In 1999, while the rest of the world was stressing about the Y2K bug, Sarah Blitzstein found herself forever changed by NCSY’s Israel Summer Experience. It was her first visit to Israel, as well as the first NCSY program she had been on. That trip was the beginning of a lifestyle of continuous giving of herself to others.
Today, Sarah is the Jewish Family Services director at HaMercaz, a program in LA which provides ongoing assistance, advocacy, support and general social services to individuals with disabilities of all ages.
Being involved in NCSY and going on ISE changed Sarah’s perspective. She reflects that seeing all that NCSY does for the community really opened her eyes to how much she could give of herself and potentially do for the Jewish community. In her words, “NCSY instilled in me the desire to give back on a macro level.”
Upon returning from Israel Summer Experience in 1999, Sarah became more heavily involved with West Coast NCSY (1998-2001), and became a member of the chapter board for Beverly Hills. After graduating from YULA high school, she went on to Baer Miriam in Israel for a gap year. Following her time in seminary, she attended Touro College in Manhattan, while simultaneously maintaining her connection with NCSY by serving as an advisor for NCSY’s Southern Region. Sarah subsequently went on to obtain a dual Masters degree of Social Work and Arts in Jewish Communal Service.
What led her to endure years of grueling work and hardship in order to choose such an altruistic profession you ask? NCSY, of course!
NCSY inspired Sarah to give back-and give back she does. On a daily basis she devotes her time and energy towards providing support to individuals with special needs and their families. Her career choice is a self-evident manifestation of her passion for helping others. Sarah coordinates and supervises HaMercaz’s community programs, aided by the leadership qualities and efficiency skills she developed in her 12th grade days on the chapter board for Beverly Hills NCSY, coordinating and planning Shabbatons.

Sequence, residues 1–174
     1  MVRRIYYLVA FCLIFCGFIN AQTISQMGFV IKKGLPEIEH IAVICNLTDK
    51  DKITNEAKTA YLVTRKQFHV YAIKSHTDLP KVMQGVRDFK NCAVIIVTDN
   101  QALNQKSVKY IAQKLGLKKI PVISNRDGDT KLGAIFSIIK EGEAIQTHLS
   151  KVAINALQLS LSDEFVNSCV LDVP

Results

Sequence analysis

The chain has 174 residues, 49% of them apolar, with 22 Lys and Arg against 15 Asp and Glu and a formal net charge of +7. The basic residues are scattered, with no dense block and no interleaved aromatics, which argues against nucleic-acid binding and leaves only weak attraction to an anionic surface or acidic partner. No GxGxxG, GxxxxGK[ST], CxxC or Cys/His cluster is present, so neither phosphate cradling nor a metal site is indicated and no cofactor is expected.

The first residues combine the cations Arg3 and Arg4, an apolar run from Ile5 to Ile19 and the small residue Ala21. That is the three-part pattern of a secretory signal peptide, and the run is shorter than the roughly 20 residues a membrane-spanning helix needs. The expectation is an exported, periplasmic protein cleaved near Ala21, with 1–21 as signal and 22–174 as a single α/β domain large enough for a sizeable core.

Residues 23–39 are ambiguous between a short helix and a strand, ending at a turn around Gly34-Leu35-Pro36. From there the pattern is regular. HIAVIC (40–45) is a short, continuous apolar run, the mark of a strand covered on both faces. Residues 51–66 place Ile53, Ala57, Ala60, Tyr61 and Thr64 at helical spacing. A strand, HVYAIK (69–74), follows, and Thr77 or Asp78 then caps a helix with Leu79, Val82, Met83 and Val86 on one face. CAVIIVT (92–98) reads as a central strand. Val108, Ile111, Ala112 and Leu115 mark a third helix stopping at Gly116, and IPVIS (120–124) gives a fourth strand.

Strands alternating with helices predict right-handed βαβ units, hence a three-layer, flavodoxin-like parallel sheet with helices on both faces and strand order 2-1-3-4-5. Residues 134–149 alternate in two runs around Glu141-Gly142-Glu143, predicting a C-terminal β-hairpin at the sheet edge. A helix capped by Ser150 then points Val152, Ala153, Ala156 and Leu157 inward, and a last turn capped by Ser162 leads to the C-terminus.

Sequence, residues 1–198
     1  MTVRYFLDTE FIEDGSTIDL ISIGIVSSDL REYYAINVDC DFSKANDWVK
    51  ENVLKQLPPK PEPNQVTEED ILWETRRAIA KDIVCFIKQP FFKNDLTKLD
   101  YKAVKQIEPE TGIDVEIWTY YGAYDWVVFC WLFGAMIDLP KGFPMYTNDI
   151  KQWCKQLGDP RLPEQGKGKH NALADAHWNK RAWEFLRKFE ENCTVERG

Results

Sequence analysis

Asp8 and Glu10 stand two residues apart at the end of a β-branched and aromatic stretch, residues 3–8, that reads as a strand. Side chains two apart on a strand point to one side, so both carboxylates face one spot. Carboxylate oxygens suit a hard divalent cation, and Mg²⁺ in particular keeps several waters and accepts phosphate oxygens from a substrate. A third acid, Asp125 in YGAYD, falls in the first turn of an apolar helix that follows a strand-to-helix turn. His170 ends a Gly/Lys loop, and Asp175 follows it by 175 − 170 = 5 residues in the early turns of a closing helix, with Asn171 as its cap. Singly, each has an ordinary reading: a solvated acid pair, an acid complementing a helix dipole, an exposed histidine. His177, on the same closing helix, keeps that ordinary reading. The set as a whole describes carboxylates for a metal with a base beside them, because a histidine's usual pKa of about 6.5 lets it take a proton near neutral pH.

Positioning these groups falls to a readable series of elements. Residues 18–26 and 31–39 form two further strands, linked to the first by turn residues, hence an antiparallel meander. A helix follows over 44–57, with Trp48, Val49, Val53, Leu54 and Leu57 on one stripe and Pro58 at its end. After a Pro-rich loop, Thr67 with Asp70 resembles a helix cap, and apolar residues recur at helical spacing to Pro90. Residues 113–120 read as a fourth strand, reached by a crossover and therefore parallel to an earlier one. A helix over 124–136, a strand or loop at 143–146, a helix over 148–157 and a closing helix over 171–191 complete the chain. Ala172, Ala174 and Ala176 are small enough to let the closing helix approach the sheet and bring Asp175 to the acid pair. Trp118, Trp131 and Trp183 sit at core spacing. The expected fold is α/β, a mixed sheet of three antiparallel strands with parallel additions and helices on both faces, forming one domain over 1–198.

“Working for people with special needs is non-denominational; it’s something that crosses all boundaries and negates differences, uniting us for a common cause”, Sarah says about her job. HaMercaz recently partnered with the OU program Yachad, introducing new programs at Camp Moshava Malibu. The satisfaction Sarah gets from not only giving to others, but also from helping the Jewish community, specifically, is something she would not give up for the world.
Sarah took a moment of inspiration and ran with it, letting it guide her life choices instead of letting it just slip away.
Sarah’s experiences on ISE stick with her until today. When she goes to Israel, fond memories of her first trip there come flooding back: the palpable excitement of touring Israel for the first time, witnessing the rich history of the land, and all the friends she made. “My years in NCSY,” she muses, “brought me much closer to people in high school that I didn’t previously have much to do with. I became much more involved and became friends with people I might not have been friends with otherwise.”
Sara’s most poignant NCSY memory is, like so many of our own, of Ebbing at a regional Shabbaton. During the final moments of Havdalah, as everyone was jubilantly dancing around the dark room, illuminated only by the light of the candles, Sarah stopped for a moment and looked around. She remembers thinking at the time, that although time is moving on and everyone is going to go their separate ways, they will still remain connected by the bond of being a part of NCSY together.
Down the line Sarah hopes to still be helping to create and strengthen inclusive communities for people with disabilities. She hopes to one day raise a family and impart to them the important values that she learned from NCSY and communal involvement.
Three of Sarah’s advisors from high school are among her closest friends now. She marvels at the fact that she never would have thought that one day she would be helping them with their kids and hosting shalosh seudos for them. The biggest lesson, she says, is, “You really never know where life will lead you.”